Don’t get me wrong – I can enjoy a kale mango turmeric smoothie as much as the next guy. But I’m no hipster when it comes to alternative medicine. The real name for it should be “unstudied medicine”, and the reason it is not studied comes down to dollars and cents:
No one makes enough money from apple cider vinegar (melts away extra pounds! cures heartburn!) or whatever else to fund a solid, scientific study.
Even so, some studies do get conducted. A recent study looked at whether fish oil with or without aspirin helps kidney dialysis patients. (It doesn’t.)
This is not a conspiracy to keep effective medicines or treatments away from us. It’s simply the way things are, with our current state of technology. When we advance to new technologies, we might be able to study a lot more.
Imagine an app for a study of Venus blueberry extract as a treatment for irritable bowel syndrome. The app would assess you, determine whether you qualify, and enroll you instantly. Your phone weighs how much Venus blueberry extract you are taking, and accepts data about your symptoms. It generates a list of lab tests that you need; it sends an order to your doctor’s office, who automatically forwards it to the laboratory. Yes, even this ultra-automated study would need researchers, statisticians, and technicians but it could enroll a lot more people at a lower cost.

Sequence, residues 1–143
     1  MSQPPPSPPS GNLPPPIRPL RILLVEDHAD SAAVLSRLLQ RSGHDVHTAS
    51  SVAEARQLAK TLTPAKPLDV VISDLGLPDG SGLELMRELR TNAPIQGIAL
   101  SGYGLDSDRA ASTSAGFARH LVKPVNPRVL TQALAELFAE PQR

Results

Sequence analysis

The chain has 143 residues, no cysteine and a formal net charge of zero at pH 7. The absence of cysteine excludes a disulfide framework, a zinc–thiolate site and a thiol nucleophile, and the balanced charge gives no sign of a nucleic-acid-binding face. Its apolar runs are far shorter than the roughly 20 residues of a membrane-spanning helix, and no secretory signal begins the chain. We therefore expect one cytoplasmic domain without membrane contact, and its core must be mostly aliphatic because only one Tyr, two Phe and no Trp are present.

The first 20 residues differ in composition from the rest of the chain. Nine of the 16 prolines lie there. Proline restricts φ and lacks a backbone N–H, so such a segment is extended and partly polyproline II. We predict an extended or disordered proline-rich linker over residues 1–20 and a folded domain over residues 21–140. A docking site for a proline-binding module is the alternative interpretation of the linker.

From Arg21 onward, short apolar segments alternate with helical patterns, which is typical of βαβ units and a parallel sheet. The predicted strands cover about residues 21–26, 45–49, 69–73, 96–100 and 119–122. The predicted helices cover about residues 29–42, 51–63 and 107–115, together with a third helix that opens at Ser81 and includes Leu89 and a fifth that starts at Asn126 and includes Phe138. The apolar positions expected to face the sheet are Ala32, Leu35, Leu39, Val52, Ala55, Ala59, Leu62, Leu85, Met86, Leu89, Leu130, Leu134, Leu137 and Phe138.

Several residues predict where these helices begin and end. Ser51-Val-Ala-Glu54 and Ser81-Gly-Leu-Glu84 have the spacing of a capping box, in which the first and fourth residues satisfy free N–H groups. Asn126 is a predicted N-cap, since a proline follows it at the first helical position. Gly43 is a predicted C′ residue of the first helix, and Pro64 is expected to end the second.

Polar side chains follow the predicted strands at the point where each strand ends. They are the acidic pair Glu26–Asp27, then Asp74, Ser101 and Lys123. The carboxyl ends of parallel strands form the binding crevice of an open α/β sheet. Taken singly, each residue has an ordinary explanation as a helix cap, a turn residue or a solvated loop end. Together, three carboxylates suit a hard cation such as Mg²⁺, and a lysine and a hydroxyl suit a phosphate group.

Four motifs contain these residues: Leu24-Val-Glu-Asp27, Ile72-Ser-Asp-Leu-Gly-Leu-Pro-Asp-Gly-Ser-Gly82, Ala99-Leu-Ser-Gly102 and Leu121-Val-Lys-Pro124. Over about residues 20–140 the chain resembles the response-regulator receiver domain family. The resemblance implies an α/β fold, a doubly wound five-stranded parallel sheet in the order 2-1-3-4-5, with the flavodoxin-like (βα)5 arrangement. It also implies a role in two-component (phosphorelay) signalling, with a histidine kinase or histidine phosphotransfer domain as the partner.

This is sounding a lot like the Jetsons (I always wanted the flying car that folds up into a briefcase!).
Having a lot more people involved in any study makes the results more reliable, and more “real world”. Indeed, drug makers cannot conduct a study that will include all of the types of patients who will ultimately use the drug. First, it would be impossible since the maker cannot anticipate how doctors will prescribe the drug, or whether they will pick the ideal patient to take it. (Note: only ideal patients are included in the pre-market studies, to maximize the chance for positive results.)
Second, the drug maker’s study to get the drug approved is as small as they can make it, while still meeting the FDA’s requirements. This is because of the great expense of these studies – which expense might possibly go down when we reach the Jetsons era.
Until we find a way to study these things, let’s call them by their real names. Let’s view the unstudied treatments as opportunities. On the other hand, let’s not view them as cures hidden by doctors who want to keep us sick. If you believe that about your own doctor, please go get a new one.
In the meantime, I’ll go walk Astro and give my robot maid instructions for dinner. And where did my briefcase go?